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Κυριακή, 13 Μαρτίου 2016

[EN] EXCLUSIVE: BULGARIAN 'MIGRANT HUNTER' LEADS VIGILANTE PATROLS IN ARMOURED VEHIVLES TO ROUND UP AND TERRORISE REFUGEES ALONG THE TURKISH BORDER... AND BOASTS 'IT'S A SPORT'

  • Dinko Valev's units use military vehicles and dogs to hunt asylum seekers
  • He hands illegal migrants over to the police 'because they are all jihadists'
  • Wants Bulgarian state to fund operation and pay for every captured refugee
  • Human rights group accuse Valev of terrorising migrants with death threats

Dinko Valev, 29, has managed to acquire two armoured vehicles to travel through rough territory around the city of Yambol near the border with Turkey.
He says the reaction has been so positive among the population that he is now trying to recruit more people to expand his vigilante operation.
And he even wants the Bulgarian government to fund the operation and pay for every captured refugee.
He regards every illegal migrant as a jihadist and dismissed claims he was terrorising his captives.  
He said: 'I would describe it as simply a sporting activity. You can't describe sportsmen as violent.'
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Bounty hunter: Bulgarian gangster Dinko Valev stis on an armoured vehicle which he uses to track down and round up illegal migrants near his home in the city of Yambol in south-eastern Bulgaria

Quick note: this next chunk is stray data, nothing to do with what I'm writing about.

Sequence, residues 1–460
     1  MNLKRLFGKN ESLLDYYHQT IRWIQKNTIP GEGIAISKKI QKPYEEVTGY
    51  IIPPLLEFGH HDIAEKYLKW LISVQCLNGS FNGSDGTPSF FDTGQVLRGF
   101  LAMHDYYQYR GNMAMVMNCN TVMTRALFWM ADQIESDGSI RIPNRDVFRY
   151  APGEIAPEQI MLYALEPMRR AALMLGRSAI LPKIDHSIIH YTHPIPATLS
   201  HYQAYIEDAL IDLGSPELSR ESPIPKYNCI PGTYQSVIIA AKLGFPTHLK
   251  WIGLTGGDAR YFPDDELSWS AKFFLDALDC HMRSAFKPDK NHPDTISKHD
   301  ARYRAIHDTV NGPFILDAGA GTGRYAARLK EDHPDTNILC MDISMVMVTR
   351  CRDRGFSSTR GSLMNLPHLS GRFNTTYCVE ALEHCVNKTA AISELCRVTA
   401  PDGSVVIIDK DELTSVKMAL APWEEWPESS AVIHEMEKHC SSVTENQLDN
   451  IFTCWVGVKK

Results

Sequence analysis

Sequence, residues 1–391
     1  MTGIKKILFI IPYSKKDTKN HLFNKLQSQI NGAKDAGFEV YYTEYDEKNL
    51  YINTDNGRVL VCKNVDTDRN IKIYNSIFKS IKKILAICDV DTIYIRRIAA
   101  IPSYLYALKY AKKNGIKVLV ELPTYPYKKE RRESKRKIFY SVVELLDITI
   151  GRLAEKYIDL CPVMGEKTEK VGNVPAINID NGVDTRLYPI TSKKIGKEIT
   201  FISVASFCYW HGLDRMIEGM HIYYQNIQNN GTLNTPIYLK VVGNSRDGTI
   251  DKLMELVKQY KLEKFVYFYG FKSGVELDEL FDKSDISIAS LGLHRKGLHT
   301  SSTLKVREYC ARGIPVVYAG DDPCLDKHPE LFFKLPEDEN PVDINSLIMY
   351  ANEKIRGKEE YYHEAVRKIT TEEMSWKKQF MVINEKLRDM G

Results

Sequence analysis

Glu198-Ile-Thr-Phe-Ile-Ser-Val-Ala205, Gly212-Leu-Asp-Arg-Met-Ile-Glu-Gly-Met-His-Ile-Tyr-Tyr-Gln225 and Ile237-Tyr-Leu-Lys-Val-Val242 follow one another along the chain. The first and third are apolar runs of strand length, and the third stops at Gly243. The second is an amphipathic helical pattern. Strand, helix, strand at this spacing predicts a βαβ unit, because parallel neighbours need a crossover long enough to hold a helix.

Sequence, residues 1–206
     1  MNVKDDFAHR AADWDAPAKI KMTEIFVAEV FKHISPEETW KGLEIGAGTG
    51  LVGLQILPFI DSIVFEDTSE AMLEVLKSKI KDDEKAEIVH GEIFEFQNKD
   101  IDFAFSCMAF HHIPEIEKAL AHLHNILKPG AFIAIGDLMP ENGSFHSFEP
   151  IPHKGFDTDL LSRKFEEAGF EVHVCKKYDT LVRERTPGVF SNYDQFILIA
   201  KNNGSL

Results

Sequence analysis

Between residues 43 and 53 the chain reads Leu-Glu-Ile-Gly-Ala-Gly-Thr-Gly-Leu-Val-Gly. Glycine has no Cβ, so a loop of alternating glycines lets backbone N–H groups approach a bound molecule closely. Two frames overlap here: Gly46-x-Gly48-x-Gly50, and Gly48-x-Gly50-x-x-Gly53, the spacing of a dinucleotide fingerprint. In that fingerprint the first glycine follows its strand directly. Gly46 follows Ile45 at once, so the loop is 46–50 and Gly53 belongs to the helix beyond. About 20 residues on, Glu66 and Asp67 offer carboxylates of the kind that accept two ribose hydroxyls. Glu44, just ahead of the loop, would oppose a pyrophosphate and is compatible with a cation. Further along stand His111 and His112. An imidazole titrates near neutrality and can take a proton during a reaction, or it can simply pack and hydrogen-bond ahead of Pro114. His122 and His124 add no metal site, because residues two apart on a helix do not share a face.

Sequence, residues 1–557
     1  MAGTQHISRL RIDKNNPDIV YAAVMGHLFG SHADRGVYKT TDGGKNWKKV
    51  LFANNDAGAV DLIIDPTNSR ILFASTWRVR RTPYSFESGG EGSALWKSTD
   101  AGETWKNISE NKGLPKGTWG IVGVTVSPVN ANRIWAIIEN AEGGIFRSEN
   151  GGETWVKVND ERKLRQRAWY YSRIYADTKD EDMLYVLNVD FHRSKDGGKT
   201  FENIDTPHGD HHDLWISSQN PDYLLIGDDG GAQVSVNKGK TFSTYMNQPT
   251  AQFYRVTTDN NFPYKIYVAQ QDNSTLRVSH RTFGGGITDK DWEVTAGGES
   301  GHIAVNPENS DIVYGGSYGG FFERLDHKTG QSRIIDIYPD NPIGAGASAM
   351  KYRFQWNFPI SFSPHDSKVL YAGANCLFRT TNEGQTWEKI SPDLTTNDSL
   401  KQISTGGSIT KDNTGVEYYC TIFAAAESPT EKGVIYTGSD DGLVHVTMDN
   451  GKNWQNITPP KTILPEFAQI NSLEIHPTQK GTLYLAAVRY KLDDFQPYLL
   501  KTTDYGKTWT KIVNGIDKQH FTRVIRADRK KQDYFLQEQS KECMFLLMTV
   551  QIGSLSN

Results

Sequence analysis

Bounty hunter: Bulgarian gangster Dinko Valev stis on an armoured vehicle which he uses to track down and round up illegal migrants near his home in the city of Yambol in south-eastern Bulgaria

Παρασκευή, 4 Μαρτίου 2016

[FR] UE/TURQUIE: NE PAS NEGLIGER LES DROITS DES REFUGIES DANS LES NEGOCIATIONS

Les accords visant à limiter les migrations sont profondément insuffisants

Human Rights Watch

Des familles de réfugiés et de migrants au large de la côte ouest de la Turquie, non loin du village de Cesme, avancent vers des canots pneumatiques le 4 novembre 2015, afin de rejoindre l'île grecque de Chios dans la mer Egée.
Des familles de réfugiés et de migrants au large de la côte ouest de la Turquie, non loin du village de Cesme, avancent vers des canots pneumatiques le 4 novembre 2015, afin de rejoindre l'île grecque de Chios en mer Egée. 
© 2015 Reuters
(Bruxelles) – L’accord conclu entre l’Union européenne et la Turquie est une réponse politique défaillante et potentiellement dangereuse aux afflux de réfugiés en mer Egée, a déclaré Human Rights Watch aujourd’hui. Les responsables turcs et de l’UE se réuniront à Bruxelles le 7 mars 2016 afin de discuter de la mise en œuvre d’un plan d’action commun qui, l’UE l’espère, mettra un frein aux flux de migrants et de réfugiés de la Turquie vers la Grèce.
Human Rights Watch a publié hier un document de questions/réponses, donnant notamment des explications sur les raisons pour lesquelles la Turquie ne peut pas être considéré comme un pays d’asile sûr.

[EN] EU/TURKEY: DON'T NEGOTIATE AWAY REFUGEE RIGHTS

Deal to Limit Migration Deeply Flawed


Human Rights Watch